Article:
Federal prosecutors nationwide now will decide how to enforce federal marijuana laws in states where its use is legal.
      Here is how some state officials reacted:

      California

      “Today, Jeff Sessions and the Trump administration destructively doubled down on the failed, costly and racially discriminatory policy of marijuana criminalization, trampling on the will” of voters, Lt. Gov. Gavin Newsom said in a statement.
      This week, California became the eighth state — along with the District of Columbia — to allow recreational sales of marijuana after voters approved the measure in 2016. Another 22 states allow only medical marijuana and 15 allow a lesser medical marijuana extract.
      Newsom said Sessions’ move “flies in the face of overwhelming public opinion of a vast majority of Americans, who support marijuana legalization.”
      “I call on our federal leaders to move quickly to protect states’ rights from the harmful effects of this ideological temper tantrum by Jeff Sessions,” said Newsom, former mayor of San Francisco.

      Colorado

      Colorado officials were surprised by the announcement, state Attorney General Cynthia H. Coffman said.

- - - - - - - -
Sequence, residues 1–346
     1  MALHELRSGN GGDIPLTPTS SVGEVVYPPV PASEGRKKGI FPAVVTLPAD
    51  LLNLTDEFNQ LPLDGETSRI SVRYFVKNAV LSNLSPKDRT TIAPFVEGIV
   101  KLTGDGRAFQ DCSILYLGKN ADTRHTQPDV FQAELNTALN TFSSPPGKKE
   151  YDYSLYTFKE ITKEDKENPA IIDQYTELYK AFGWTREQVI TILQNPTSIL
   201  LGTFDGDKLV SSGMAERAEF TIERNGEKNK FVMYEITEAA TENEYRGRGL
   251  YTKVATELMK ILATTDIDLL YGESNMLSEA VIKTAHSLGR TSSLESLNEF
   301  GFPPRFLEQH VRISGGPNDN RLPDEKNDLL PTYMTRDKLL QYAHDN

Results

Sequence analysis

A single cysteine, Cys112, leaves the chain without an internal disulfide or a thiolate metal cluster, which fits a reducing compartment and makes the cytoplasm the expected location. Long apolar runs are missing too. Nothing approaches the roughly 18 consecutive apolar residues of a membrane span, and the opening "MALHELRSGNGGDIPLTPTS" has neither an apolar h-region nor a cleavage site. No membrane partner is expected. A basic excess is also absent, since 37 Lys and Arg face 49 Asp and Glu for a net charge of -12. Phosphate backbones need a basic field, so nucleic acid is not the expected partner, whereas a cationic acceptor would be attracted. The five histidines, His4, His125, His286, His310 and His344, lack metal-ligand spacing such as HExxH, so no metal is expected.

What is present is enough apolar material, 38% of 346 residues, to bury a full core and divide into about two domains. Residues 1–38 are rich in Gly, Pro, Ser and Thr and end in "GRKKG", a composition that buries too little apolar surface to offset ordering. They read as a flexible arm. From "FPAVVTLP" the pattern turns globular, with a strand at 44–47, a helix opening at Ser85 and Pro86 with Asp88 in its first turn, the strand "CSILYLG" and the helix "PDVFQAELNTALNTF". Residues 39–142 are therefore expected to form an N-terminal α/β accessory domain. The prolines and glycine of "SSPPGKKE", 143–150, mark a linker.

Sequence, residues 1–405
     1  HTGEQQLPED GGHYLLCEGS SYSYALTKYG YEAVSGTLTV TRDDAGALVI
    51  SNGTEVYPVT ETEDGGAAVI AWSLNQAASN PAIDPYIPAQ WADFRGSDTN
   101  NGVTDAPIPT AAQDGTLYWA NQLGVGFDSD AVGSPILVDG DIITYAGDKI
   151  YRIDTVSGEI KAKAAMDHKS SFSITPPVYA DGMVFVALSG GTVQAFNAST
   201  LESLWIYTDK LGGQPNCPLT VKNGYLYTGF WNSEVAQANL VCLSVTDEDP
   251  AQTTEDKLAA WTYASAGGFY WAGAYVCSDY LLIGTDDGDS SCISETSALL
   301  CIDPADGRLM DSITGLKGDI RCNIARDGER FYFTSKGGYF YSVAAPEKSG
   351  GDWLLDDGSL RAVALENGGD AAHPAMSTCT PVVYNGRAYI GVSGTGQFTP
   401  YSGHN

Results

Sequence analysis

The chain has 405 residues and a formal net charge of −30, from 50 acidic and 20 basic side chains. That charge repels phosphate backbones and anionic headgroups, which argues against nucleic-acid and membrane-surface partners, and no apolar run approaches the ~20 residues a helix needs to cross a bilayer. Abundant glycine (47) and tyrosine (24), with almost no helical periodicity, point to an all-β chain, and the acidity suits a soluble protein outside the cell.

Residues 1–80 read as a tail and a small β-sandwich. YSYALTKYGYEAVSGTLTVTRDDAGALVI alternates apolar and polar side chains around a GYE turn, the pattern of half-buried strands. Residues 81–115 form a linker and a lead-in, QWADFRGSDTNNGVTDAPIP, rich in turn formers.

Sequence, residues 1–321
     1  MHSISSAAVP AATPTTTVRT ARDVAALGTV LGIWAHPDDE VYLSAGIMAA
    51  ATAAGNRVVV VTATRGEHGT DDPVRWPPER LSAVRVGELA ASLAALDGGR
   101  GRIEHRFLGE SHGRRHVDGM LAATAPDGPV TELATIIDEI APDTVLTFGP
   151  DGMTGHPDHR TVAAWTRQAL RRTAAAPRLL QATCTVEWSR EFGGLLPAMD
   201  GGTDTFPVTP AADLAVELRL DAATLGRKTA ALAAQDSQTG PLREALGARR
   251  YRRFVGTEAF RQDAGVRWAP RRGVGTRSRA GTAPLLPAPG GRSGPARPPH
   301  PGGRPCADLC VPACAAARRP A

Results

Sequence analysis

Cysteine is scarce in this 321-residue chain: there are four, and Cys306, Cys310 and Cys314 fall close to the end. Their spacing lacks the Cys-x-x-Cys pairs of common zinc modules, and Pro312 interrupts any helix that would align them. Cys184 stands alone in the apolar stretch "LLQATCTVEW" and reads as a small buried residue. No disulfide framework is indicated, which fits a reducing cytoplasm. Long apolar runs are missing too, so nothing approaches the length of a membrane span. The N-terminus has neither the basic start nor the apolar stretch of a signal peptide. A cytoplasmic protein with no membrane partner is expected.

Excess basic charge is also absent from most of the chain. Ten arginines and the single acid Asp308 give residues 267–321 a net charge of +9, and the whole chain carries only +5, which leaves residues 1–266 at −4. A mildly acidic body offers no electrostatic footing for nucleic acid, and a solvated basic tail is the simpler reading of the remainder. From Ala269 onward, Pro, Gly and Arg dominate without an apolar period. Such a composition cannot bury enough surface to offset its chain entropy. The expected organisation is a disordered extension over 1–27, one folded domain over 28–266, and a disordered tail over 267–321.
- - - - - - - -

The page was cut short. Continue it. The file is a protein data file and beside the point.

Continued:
“I will say that there was no warning about this guidance. We had no idea it was coming, and like you, we woke up this morning to the news that there was new direction from Attorney General Sessions,” Coffman said.
      “It is unfortunate that the people who are on the ground working with marijuana enforcement issues every day … were not consulted before this guidance was issued, because I think we definitely could have shed some light on that,” Coffman said.
      She said there is a lot state officials still don’t know the Justice Department’s enforcement priorities and how it plans to implement the new memo.
      But Coffman said she doesn’t foresee a major shift in Colorado in the current marijuana enforcement and regulation.
      “We will continue as a state to exert our right as a sovereign state to control what happens in our borders with regard to marijuana regulation and enforcement,” she said.